Why are there no “Libertarian Countries”?

So asks Michael Lind in Salon yesterday.

My answer to the question would be:

A libertarian state (he says “country”) is a contradiction in terms. Duh! Some states/countries are certainly more libertarian than others, and the Salon piece even acknowledges that, but the state itself is the reason there are no pure “libertarian countries”. It need not have anything to do with anarchism as even limited government advocates view the state as a necessary evil, and its nature as eventually and inevitably corruptive of all that exists within its prerogatives.

If Mr. Lind simply wants an example of a geographic area that is entirely libertarian, sans state, he would first need to acknowledge that no such place can exist within or as part of a state. But since every country in the world is a state, there are no such places. Even if there were, they wouldn’t count according to Mr. Lind, because they would not fit his definition of country. Notice how he discounts several contestants, having already failed to say what he thinks a libertarian country would look like:

Even worse, the economic-freedom country rankings are biased toward city-states and small countries. For example, in the latest ranking of economic liberty by the Heritage Foundation, the top five nations are Hong Kong (a city, not a country), Singapore (a city-state), Australia, New Zealand and Switzerland (small-population countries).

With the exception of Switzerland, four out of the top five were small British overseas colonies which played interstitial roles in the larger British empire. Even though they are formally sovereign today, these places remain fragments of larger defense systems and larger markets. They are able to engage in free riding on the provision of public goods, like security and huge consumer populations, by other, bigger states.

Australia and New Zealand depended for protection first on the British empire and now on the United States. Its fabled militias to the contrary, Switzerland might not have maintained its independence for long if Nazi Germany had won World War II.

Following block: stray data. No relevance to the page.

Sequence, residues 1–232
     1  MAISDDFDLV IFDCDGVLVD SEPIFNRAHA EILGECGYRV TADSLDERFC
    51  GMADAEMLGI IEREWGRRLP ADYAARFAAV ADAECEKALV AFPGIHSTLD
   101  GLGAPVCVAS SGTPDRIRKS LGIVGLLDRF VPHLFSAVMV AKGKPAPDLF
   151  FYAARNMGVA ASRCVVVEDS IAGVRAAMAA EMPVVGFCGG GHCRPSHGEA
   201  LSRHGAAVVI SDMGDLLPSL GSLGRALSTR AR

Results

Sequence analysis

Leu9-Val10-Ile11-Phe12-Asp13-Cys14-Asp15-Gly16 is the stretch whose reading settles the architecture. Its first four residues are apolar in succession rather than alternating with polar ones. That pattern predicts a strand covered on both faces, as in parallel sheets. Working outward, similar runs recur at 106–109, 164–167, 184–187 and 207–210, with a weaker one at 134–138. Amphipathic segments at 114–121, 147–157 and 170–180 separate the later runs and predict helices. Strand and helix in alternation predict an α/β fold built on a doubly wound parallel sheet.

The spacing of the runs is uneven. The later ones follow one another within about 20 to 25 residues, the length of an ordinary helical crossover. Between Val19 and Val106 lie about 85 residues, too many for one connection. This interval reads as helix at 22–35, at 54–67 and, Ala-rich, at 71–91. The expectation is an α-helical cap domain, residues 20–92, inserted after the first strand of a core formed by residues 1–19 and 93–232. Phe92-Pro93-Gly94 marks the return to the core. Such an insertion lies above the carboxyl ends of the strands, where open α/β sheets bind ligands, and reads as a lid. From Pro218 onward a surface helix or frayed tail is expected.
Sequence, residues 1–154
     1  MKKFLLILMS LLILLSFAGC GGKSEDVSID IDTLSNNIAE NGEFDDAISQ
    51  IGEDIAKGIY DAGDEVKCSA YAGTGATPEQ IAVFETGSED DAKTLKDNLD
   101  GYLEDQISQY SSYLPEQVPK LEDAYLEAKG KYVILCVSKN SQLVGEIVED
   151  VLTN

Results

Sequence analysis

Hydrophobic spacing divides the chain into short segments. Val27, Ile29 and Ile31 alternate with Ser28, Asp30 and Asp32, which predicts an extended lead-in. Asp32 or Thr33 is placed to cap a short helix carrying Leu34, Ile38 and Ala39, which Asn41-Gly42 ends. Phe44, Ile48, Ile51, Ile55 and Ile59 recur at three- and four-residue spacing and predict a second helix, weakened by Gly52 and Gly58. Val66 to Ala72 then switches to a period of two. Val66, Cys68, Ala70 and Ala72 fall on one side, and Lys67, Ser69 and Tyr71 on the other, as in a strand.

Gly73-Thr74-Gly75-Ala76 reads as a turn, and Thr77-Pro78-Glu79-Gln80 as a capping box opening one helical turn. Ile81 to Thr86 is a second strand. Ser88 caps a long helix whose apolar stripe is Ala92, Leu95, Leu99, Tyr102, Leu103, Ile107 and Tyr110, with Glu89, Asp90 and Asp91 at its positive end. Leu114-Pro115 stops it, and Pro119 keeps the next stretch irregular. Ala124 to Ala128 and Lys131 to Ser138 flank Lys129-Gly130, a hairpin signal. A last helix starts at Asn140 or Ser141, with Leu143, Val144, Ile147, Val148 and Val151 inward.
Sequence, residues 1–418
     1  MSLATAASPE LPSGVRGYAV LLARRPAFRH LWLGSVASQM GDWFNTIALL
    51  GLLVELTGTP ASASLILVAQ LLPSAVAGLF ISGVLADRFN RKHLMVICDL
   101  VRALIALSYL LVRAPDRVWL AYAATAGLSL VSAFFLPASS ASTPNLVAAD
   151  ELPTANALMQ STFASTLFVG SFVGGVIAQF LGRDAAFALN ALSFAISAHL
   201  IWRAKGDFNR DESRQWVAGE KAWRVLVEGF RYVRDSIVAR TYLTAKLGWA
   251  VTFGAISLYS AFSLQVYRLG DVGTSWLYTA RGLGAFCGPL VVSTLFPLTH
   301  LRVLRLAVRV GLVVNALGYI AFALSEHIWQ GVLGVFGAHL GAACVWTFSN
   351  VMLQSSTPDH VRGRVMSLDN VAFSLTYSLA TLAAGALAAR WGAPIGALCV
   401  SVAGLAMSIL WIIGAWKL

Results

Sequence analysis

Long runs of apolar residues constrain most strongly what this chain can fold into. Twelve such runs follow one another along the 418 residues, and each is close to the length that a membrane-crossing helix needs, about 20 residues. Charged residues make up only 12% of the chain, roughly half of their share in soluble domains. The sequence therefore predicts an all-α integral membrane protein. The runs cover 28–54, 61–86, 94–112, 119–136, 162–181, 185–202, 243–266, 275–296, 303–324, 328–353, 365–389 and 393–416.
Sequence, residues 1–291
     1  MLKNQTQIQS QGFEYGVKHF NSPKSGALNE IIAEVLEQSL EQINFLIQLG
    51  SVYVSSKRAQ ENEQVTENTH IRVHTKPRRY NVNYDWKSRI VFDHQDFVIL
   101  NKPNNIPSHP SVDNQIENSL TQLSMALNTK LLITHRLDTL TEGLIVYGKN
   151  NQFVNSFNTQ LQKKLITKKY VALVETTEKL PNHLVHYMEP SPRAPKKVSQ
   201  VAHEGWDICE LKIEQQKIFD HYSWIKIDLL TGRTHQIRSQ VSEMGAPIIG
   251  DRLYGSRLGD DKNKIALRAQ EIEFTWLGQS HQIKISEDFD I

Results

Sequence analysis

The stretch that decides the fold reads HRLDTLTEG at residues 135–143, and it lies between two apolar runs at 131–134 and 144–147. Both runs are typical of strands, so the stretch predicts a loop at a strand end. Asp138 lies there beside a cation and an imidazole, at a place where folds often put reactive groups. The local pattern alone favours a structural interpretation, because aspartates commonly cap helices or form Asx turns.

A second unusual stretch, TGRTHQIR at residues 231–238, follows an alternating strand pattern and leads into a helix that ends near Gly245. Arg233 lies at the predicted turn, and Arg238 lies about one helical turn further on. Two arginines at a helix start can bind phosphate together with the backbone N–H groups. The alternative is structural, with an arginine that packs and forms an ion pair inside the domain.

He discounts them in part for what they are (cities, city-states, former colonies, small populations, i.e., somehow not legitimate countries?) and in part because they are not purely libertarian (and yet he never cogently defines this term).

If he does just want a libertarian example of an area that exists within, but in spite of, the state, all he would have to do is look to private property and all its various manifestations. Small, yes, but the principle is upheld.

I’m being facetious, of course. Because not even private property is safe from the clutches of the state.

And if he wants to know why no existing state or proto-state ever evolved into a libertarian wonderland, he should just read Hayek’s chapter Why the Worst Get on Top (in The Road to Serfdom). If he is too lazy to do that he can instead read the quote at the top of the chapter, from Lord Acton:

Power tends to corrupt, and absolute power corrupts absolutely.

Other than that, I really don’t know what to say.

5 thoughts on “Why are there no “Libertarian Countries”?

  1. Great post Hank! I found this, from Jeffrey Tucker, earlier today:

    If libertarianism is so great, why hasn’t any country in the world tried it? The answer is that every country has tried it and every country practices it to one extent or another. This is the reason we experience progress, enjoy wealth, and have access to things like longer lives, food to eat, cities, smartphones, financial markets, useful websites, shoes, clothes, and the like. It’s why we can mostly say what we want, fall in love and act on that, and do what we want in a general way provided we don’t hurt others. These conditions all flow from human volition using private property (including property in ourselves) that is exercised whenever and wherever it is permitted by the authorities. Government doesn’t create anything. It just takes stuff, overrides our preferences, and threatens us if we fail to comply. It has the same relationship to human liberty that a tick has to a dog. Just because ticks exist doesn’t mean that dogs aren’t real or are some untried experiment. Similarly, just because theft and murder exist doesn’t mean that we should not rather have a world in which they did not.

    I think it complements your piece nicely.

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